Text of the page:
M‒Sport Ford, consistent with their opening lineup, placed Adrien Fourmaux and Grégoire Munster on their entry list. Fourmaux, who secured fifth at the opener, is quickly establishing himself as the team’s lead driver, while Munster seems to still need time to adapt to his rally 1 car.

Driving courses and rally cars by schedule

On Thursday morning, February 15th, a 5.42km stage north of Umeå set the scene for the shakedown test. The drivers have gone through test drives, 3 to 5 times each, and Lappi topped the time charts for Hyundai. Neuville dealt with an intercom malfunction with co‒driver Martijn Wydaeghe, but ingeniously utilized an on‒road microphone to complete a safe run. He also had to plow snow as he was the first to drive. Tänak, following Lappi and Fourmaux in third place, commented, “The recce’s first day had a lot of ice and high grip, which was quite nice, but now a bit of snow has fallen, turning it into the opposite situation. It’s quite challenging.”

On-site photos from Rally Sweden

Rally car driving on snow

The rally officially kicked off on the northern stage of Umeå as darkness descended. Photo: WRC (https://www.wrc.com)

At 7:05 pm on Thursday, with the sun set over the forests north of Umeå city center, the 5.16km SS1 (Umeå Sprint) inaugurated the main event. Amid high‒speed sections exceeding 150km/h and sharp corners, three jumps amped up the excitement for spectators. After just one stage on the opening day, Rovanperä led the pack, with the Toyota trio—Katsuta and Evans included—securing the top three spots. Tänak was fourth, followed by Fourmaux, Neuville, and Lappi. Behind Munster marking eighth, Solberg took the lead in WRC2, with home crowd support. Grappling with grip issues, Hyundai scrambled to optimize their settings for traction.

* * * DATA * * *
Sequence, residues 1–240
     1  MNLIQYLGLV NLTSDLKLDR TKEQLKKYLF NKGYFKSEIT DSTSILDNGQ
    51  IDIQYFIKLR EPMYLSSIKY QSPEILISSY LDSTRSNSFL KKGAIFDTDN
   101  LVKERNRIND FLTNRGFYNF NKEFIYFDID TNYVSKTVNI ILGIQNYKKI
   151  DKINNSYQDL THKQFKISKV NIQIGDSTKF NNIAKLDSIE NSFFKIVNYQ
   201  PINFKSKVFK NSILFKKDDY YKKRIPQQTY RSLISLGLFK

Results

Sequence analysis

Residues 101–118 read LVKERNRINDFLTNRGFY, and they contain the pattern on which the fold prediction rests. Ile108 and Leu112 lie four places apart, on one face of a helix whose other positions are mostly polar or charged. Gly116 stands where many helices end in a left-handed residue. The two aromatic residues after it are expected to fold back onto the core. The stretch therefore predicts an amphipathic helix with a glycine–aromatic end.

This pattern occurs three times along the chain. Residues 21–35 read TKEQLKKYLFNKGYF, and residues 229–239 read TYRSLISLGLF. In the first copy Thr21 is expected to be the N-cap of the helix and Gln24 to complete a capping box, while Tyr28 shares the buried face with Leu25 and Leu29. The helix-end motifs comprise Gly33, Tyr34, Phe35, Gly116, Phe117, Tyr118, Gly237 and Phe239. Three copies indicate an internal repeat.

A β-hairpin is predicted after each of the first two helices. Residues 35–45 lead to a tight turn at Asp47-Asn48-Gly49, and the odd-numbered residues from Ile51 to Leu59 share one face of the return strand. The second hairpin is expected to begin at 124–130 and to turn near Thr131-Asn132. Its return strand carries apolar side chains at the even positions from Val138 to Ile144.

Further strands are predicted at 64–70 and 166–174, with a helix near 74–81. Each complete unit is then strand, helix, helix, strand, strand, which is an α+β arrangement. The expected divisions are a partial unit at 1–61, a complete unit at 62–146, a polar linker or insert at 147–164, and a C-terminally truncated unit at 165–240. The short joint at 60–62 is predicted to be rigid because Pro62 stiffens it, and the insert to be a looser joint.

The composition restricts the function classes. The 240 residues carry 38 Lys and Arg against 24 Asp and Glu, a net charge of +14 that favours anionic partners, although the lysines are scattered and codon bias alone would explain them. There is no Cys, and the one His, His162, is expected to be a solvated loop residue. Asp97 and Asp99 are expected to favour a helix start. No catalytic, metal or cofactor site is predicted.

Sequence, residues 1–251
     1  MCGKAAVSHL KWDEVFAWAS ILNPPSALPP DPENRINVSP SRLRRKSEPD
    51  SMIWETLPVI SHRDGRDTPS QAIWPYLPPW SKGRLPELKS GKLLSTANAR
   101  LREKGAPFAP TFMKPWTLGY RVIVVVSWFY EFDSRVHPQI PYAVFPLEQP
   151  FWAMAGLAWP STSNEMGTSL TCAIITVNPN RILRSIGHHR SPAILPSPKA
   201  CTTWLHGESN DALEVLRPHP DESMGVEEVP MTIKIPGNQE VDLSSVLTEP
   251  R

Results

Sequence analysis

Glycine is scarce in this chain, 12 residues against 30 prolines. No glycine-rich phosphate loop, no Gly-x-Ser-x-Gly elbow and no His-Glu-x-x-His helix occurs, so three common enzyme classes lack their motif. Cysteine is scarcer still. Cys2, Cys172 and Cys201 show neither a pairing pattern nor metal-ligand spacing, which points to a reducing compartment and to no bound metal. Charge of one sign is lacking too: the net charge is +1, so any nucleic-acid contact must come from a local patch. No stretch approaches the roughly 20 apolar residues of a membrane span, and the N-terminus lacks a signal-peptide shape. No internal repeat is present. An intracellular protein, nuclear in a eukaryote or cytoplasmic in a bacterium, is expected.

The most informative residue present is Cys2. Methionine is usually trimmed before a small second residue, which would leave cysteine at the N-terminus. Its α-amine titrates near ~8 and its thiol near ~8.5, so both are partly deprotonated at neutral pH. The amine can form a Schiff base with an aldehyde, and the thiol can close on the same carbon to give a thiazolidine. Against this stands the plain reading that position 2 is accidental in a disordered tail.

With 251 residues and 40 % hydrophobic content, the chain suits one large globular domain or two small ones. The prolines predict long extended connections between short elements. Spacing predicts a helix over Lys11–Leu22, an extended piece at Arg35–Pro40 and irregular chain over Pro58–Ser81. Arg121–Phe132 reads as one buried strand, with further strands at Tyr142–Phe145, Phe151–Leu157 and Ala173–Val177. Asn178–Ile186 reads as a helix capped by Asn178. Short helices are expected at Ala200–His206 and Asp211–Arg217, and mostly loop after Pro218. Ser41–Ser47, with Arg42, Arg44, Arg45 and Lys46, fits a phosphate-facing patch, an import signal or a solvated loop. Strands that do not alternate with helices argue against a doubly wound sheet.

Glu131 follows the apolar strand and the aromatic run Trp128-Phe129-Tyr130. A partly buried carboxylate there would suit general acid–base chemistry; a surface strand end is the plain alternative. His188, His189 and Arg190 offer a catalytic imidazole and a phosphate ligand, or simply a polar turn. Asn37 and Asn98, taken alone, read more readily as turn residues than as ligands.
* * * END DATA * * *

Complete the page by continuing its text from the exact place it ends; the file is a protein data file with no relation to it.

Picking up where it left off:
A rally car is advancing through the snow.

The organizers paid homage to Craig Breen by naming SS2 after his entry number

Drivers prepared for SS2 on the morning of Friday, February 16th, heading west from Umeå. The day’s schedule involved repeating the three stages of #42 Brattby, Norrby, and Floda in the morning and afternoon, concluding with the Umeå sprint course on Friday. The seven stages from SS2 to SS8 totaled 107.9km.

Originally named Brattby, SS2 was rechristened ‘#42 Brattby’ to honor Craig Breen, who clocked the fastest time there last year. Rovanperä conquered the foggy opening stage, pushing Lappi and Tänak ahead of Evans into third and fourth overall. Lappi was quickest in SS3, narrowing his gap to the leader to just 6.6 seconds while maintaining fourth place overall.